An Overview of Biogen’s Business Model

A leader in the development of multiple sclerosis treatments, Biogen earned 82.5% of its total revenues from its MS drugs in 2014.

Margaret Patrick - Author

Jul. 23 2015, Published 11:47 a.m. ET


Biogen’s business model

Biogen (BIIB) generates revenues in three ways: product revenues, revenues from joint businesses, and royalty and corporate partner revenues.

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Product revenues

Considered to be an industry leader in the development of multiple sclerosis (or MS) treatments, Biogen earned 82.5% of its total revenues from its MS drugs in 2014. According to WebMD, “Multiple sclerosis, or MS, is a long-lasting disease that can affect your brain, spinal cord, and the optic nerves in your eyes. It can cause problems with vision, balance, muscle control, and other basic body functions.” Biogen relies heavily on its three blockbuster MS drugs: Avonex, Tecfidera, and Tysabri.

However, Biogen aims to lower its excessive dependence on MS and has been introducing drugs in other therapeutic areas. The company introduced two drugs to treat hemophilia, a condition where blood does not clot properly. In March 2015, Biogen announced that its experimental Alzheimer’s disease drug has proved highly successful. Analysts expect that the drug can enter the market by 2018.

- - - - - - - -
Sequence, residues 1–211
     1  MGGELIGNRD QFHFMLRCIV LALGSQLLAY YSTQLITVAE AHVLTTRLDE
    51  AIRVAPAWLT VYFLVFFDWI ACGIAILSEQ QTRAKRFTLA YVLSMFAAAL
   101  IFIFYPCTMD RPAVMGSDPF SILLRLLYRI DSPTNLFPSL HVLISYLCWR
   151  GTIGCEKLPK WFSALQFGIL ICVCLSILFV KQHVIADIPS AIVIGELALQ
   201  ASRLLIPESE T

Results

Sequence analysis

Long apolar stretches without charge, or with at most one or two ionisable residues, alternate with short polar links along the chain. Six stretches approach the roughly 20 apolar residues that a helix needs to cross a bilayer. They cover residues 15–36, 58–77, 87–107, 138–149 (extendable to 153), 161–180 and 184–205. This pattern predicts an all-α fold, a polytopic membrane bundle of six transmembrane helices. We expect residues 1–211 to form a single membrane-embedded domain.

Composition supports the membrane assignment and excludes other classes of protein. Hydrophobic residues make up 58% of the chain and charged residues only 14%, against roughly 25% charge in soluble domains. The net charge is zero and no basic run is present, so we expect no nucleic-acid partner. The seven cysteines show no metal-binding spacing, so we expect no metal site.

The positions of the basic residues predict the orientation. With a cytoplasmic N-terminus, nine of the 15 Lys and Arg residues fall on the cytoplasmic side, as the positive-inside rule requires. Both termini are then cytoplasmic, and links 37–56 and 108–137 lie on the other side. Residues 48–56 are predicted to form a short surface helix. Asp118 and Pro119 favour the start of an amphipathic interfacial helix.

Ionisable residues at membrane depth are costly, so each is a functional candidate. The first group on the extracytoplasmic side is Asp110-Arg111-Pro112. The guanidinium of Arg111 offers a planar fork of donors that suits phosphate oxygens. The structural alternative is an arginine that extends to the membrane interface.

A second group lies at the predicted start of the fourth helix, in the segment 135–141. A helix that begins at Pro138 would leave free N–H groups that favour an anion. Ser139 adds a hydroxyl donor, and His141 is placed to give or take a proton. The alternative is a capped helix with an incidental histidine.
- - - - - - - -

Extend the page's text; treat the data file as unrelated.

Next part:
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Joint business revenues

Biogen has collaborated with Genentech for the development and commercialization of the drug Rituxan. Rituxan is used to treat conditions related to lymphoma, leukemia, organ transplants, and autoimmune disorders. In addition, Biogen shares its profits and losses with Genentech relating to the sales of its drug Gazyva, a drug for chronic leukemia, in the US. In exchange, Genentech is responsible for all the costs related to further development and commercialization of Gazvya.

Royalty and corporate partner revenues

Biotechnology companies such as Amgen (AMGN), Biogen, Celgene (CELG), and Gilead (GILD) also earn revenues from licensing arrangements. In a licensing arrangement, a biotechnology company generally transfers its patented drug technology to a larger biotechnology or pharmaceutical company in exchange of an upfront payment called a license fee.

In addition, the seller may require the buyer to pay a fixed percentage of its sales or profits from the commercialization of its transferred drug technology. This is referred to as a royalty. Biogen’s royalty revenues are mainly derived from its worldwide sales of Angiomax, licensed to The Medicines Company, and the royalties are tied to the drug’s total sales in a year.

Biogen also entered into a joint venture with Samsung Biologics to develop biosimilars or generic biotechnology drugs for big pharma companies on a contract basis. With the growth in the biosimilar market, these revenues, termed as corporate partner revenues, are expected to rise significantly.

Investors can get exposure to Biogen’s business while protecting themselves against excessive company-specific risks by investing in the iShares NASDAQ Biotechnology ETF (IBB). IBB holds 7.48% holdings in Biogen stock.


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